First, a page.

Researchers from the University of Cambridge found that cutting back on red meat consumption could decrease the number of cases of chronic disease by 3 to 12 percent, and make the carbon footprint nearly 28 million tons smaller per year by decreasing greenhouse gas emissions.
The BMJ Open study included data from the National Diet and Nutrition Survey of British Adults in 2000-2001. Researchers looked at the amount of meat the people in the study consumed, as well as how many green gas emissions were emitted that are linked to 45 different kinds of food.
After adjusting for proportions, the researchers found that people who regularly ate red or processed meat in the study also just generally consumed more food than people who didn’t regularly eat red or processed meat. So, they calculated that if people who ate the most red and processed meat in the study were to adjust their eating habits so they ate like the people who consumed the least red and processed meat in the study, that would decrease health risks (such as risk of diabetes, colorectal cancer and heart disease) anywhere from 3 to 12 percent.
Specifically, the Telegraph reported that if men with an average meat consumption of 91 grams per day cut it down to 53 grams per day, it would translate to a 12 percent decrease in colorectal cancer and Type 2 diabetes risks.
Plus, the decreased greenhouse gas emissions linked with food and beverages would decrease each year by about 0.45 tons per person, the researchers calculated.
Even though the data is from 2000 and 2001, the researchers noted that red meat consumption hasn’t changed significantly over the last 10 years.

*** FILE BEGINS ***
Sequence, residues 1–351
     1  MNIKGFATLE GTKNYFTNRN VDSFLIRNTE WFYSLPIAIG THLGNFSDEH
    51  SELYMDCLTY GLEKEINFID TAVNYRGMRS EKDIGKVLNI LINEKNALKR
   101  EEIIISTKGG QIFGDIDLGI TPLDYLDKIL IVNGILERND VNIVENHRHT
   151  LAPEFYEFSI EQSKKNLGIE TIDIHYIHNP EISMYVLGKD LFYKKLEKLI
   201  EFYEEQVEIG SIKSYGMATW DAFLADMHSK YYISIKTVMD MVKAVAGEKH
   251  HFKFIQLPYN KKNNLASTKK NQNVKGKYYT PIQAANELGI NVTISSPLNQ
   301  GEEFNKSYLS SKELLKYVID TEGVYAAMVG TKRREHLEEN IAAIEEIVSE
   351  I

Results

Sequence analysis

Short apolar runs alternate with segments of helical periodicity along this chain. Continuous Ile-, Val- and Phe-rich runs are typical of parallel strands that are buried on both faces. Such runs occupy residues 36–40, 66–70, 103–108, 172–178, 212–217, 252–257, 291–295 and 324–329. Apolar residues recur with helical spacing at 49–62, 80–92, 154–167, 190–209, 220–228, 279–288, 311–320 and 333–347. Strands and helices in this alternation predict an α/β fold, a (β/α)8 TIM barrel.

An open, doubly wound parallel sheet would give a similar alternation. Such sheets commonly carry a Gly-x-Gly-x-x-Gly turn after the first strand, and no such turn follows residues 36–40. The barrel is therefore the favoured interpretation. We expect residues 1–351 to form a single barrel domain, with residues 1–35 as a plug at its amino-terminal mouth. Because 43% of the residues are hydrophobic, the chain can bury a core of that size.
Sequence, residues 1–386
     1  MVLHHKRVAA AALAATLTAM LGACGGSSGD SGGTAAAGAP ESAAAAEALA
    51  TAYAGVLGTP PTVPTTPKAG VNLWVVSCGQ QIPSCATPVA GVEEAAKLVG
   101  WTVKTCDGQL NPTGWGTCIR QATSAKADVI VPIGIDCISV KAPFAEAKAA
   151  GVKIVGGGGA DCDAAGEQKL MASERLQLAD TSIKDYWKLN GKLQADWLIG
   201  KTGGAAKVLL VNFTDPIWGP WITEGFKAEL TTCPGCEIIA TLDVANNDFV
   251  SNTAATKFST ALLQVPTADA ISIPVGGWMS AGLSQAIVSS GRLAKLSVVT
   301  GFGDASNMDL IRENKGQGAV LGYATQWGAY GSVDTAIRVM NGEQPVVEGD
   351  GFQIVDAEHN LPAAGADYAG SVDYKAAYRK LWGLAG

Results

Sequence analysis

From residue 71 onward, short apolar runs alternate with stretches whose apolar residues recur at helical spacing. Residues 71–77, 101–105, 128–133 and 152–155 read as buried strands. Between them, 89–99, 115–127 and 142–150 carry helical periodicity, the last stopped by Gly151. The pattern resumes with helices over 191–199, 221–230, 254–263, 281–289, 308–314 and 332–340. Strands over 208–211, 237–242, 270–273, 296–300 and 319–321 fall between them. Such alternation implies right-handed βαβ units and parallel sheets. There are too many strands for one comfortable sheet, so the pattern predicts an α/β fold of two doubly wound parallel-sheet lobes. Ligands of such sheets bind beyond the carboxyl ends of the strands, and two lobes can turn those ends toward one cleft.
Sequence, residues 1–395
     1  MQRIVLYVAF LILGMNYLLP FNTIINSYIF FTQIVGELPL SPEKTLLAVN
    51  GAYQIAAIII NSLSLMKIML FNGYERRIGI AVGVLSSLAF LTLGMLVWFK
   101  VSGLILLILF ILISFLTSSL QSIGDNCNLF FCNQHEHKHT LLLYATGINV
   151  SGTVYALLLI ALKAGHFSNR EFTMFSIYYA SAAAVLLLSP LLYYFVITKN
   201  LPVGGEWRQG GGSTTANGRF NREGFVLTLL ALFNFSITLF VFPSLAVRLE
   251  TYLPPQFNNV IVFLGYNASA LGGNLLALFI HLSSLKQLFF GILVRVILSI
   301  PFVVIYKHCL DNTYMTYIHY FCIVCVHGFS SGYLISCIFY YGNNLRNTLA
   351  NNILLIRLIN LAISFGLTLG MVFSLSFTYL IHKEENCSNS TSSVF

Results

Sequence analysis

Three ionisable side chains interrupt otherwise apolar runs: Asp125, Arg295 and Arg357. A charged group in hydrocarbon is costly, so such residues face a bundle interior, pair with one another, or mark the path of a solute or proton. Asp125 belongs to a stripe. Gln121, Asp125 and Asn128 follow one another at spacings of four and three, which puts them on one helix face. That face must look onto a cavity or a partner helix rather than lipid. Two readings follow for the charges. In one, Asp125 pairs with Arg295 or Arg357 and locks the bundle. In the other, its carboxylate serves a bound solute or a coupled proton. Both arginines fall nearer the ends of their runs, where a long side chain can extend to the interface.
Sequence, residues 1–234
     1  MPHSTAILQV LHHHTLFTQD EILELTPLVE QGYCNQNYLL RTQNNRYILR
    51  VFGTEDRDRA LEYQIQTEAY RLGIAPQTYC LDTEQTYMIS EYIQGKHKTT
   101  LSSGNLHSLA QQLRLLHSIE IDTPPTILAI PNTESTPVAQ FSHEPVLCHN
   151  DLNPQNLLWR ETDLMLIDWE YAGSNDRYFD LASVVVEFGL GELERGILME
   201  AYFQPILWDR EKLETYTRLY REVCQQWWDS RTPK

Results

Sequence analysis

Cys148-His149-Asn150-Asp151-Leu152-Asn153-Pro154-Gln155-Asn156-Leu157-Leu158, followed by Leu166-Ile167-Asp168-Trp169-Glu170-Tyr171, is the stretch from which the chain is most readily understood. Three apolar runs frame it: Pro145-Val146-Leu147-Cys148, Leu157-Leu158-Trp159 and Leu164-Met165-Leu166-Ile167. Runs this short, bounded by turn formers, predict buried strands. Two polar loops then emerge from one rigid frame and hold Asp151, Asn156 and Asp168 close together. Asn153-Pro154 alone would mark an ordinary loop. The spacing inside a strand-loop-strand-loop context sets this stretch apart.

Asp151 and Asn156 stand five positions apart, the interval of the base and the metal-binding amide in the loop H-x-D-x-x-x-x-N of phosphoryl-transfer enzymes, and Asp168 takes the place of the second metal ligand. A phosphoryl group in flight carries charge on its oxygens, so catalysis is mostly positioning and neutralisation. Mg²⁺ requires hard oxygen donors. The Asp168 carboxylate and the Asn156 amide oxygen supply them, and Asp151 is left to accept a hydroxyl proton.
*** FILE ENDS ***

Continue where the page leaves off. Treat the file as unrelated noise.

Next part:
“This indicates that our estimates remain relevant and may even be conservative and highlights the need for action to prevent further increases in intake in the UK population,” the researchers wrote in the study.
Previous research has shown a possible link between processed meat consumption and cancer risk, with an extra 50 grams a day of processed meat being linked with a 19 percent increased risk of pancreatic cancer, according to a British Journal of Cancer study.
And even more recently, a group of water scientists has predicted that the whole world is going to be vegetarian anyhow by 2050, in order to accommodate growing population growth.
“There will not be enough water available on current croplands to produce food for the expected 9 billion population in 2050 if we follow current trends and changes towards diets common in western nations,” according to the report by Malik Falkenmark and other scientists at the Stockholm International Water Institute noted, as reported by The Guardian.
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